Drinking water systems may obtain their water supply either directly from the rivers, lakes, reservoirs for surface water or from wells for ground water or like DC Water, Arlington and Falls Church may purchase finished water from wholesalers like the Washington Aqueduct. Raw water is treated to produce finished drinking water. During the treatment of source water, water treatment plants, WTPs, remove contaminants by screening, sedimentation, flocculation and filtration. The waste streams generated from these steps are water treatment residuals. In a 2011 report the US Environmental Protection Agency, EPA, estimated that approximately 31% of the WTPs directly discharge to surface water, 7% transfer residuals to waste water treatment plants and the remainder is disposed of on land.
Solid residuals from water treatment plants include sludge, schmutzdecke (biological surface layer in slow sand filtration units), and spent treatment media. Residuals contain contaminants removed from the source water and treatment chemicals added by the WTP. Prior to final disposal residuals from the source water treatment operations can be treated on site by the WTP. Washington Aqueduct has a newly constructed residuals management facility that disposes of the solids by contract hauling. The residuals from the Aqueduct are being used for reclamation and backfilling under a Maryland surface mining permit. The residuals are permitted to be used offsite as clean fill. The volume and characteristics of the residuals depend on the source water, drinking water production rate, efficiency of source water treatment, and type of source water treatment used. The goal of all residuals treatment/ solids removal systems is to decrease the volume of water while increasing solids content. This process creates two waste streams the liquid and the solid.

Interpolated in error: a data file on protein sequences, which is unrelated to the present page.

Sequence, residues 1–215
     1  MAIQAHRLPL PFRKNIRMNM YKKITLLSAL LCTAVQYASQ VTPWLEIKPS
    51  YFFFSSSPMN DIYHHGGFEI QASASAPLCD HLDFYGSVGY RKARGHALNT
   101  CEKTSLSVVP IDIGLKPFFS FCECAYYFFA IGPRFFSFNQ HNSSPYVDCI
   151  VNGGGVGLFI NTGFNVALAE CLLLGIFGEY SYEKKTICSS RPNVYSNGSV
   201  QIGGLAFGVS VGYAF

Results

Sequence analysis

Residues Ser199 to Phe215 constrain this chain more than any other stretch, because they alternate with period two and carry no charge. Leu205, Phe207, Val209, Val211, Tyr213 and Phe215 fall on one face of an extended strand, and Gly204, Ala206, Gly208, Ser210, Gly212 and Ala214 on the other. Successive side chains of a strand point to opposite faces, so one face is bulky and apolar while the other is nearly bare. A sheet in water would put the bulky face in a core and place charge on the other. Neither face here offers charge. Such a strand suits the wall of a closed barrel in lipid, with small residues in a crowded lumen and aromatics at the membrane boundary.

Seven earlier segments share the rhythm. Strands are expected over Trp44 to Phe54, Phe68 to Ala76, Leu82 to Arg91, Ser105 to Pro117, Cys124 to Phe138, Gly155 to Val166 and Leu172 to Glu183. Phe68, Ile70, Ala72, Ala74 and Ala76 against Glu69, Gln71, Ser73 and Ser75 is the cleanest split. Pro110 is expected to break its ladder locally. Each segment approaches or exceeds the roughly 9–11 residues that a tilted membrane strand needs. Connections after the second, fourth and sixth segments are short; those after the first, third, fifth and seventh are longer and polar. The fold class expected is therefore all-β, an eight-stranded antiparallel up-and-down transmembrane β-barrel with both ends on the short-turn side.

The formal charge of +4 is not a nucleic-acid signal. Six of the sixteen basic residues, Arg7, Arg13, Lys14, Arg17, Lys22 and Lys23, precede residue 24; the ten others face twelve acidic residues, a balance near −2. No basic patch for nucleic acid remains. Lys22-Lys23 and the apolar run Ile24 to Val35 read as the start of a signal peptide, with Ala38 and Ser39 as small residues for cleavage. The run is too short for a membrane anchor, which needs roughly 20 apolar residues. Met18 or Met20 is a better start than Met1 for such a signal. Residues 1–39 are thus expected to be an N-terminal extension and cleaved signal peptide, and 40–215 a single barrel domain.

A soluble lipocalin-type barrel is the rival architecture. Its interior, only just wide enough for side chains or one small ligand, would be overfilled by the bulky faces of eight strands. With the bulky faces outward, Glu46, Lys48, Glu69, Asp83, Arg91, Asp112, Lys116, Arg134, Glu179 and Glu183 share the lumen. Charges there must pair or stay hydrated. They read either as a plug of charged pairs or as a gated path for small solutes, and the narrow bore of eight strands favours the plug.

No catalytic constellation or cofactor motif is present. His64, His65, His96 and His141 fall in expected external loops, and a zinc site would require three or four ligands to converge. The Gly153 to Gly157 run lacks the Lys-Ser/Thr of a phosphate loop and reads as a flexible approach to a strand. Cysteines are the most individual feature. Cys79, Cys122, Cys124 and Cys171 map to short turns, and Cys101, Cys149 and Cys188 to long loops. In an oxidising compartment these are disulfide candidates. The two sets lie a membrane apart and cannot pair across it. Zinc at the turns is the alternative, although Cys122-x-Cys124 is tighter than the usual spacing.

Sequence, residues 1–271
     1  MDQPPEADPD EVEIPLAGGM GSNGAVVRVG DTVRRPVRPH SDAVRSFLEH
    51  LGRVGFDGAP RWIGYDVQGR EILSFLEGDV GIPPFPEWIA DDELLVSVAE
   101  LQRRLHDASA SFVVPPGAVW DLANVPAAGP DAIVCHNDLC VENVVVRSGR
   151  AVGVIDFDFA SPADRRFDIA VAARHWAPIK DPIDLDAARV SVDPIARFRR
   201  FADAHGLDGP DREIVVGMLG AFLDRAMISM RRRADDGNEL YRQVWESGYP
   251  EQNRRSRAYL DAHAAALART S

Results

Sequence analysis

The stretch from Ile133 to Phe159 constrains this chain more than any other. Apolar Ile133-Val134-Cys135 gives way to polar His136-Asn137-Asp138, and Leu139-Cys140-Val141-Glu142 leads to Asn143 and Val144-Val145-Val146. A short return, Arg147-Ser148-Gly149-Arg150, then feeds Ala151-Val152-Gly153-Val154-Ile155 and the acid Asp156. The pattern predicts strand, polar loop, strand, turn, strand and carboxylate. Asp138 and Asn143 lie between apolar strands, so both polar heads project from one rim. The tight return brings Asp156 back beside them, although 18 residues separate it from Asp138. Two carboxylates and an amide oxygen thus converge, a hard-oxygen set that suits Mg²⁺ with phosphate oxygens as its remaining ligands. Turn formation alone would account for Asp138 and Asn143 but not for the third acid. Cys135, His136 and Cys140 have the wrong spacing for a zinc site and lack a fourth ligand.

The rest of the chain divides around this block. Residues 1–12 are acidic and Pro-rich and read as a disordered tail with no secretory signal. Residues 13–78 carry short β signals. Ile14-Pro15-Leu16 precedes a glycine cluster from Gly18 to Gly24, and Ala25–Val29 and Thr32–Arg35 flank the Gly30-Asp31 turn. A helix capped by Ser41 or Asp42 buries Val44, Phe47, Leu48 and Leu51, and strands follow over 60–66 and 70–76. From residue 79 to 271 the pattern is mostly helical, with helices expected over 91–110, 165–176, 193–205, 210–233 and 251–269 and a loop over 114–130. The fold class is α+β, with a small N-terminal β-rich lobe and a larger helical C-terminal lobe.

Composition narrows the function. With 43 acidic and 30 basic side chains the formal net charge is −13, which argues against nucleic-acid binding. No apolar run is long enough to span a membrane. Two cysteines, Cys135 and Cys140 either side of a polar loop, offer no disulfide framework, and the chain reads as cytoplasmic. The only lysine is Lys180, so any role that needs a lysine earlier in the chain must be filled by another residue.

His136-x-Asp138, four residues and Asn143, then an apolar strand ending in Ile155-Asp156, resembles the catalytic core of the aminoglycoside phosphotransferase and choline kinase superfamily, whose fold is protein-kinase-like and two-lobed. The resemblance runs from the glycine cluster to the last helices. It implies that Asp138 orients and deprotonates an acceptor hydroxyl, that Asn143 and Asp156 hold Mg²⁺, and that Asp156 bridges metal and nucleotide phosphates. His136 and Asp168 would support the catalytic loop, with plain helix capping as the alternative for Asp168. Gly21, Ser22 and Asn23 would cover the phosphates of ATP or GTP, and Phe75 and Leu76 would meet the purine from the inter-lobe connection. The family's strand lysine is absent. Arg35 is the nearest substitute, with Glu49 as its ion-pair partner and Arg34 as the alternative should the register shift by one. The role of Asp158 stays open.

EPA’s Filter Backwash Recycle Rule, FBRR, established requirements to ensure that WTPs do not compromise the quality of finished drinking water when recycling water from residuals management. The FBRR requires WTPs that reuse certain wastewater liquid residuals (filter backwash, thickener supernatant, and dewatering process liquids) the water must be returned to a point in the water treatment process where it will be treated by coagulation and filtration.
Water treatment residuals solids contain naturally occurring suspended and dissolved solids from the source water, as well as precipitated solids generated by chemical treatment as well as residual contaminants from chemical treatment. The naturally occurring solids include sediment and soils that are carried to the Potomac in run off from rain and snow melt. These solids are regulated under the Resource Conservation and Recovery Act, RCRA, regulations and are classified as hazardous or nonhazardous. A waste is characterized as hazardous or nonhazardous based on its ignitability, corrosivity, reactivity, and toxicity. Generally speaking, these wastes are not toxic and are often sold and used as soil amendments in agriculture or disposed of by contract hauling to a permitted disposal facility. The solids residual from water treatment generally contains the river sediment, traces of the algaecides and flocculants.
Sludge generated by water treatment plants is not subject to regulation under the Biosolids Rule. The Biosolids Rule (part of the Clean Water Act Amendments of 1987) was created to protect public health and the environment from any anticipated effects from recycling of sewage sludge Biosolids. The toxicity of solid residuals from sewage treatment is assessed by the Toxicity Characteristic Leaching Procedure (TCLP), which is a soil sample extraction method for chemical analysis. If contaminant concentrations in the TCLP leachate are below those listed in the Land Disposal Restrictions of RCRA, the solid residual is classified as non-hazardous and can be disposed at a municipal landfill or other location. There is tremendous controversy associated with potential impacts of Biosolids and the land disposal or reuse of Class B and even Class A Biosolids. I am not aware of any controversy associated with agricultural use of solids residual (predominately river silt) of water treatment plants.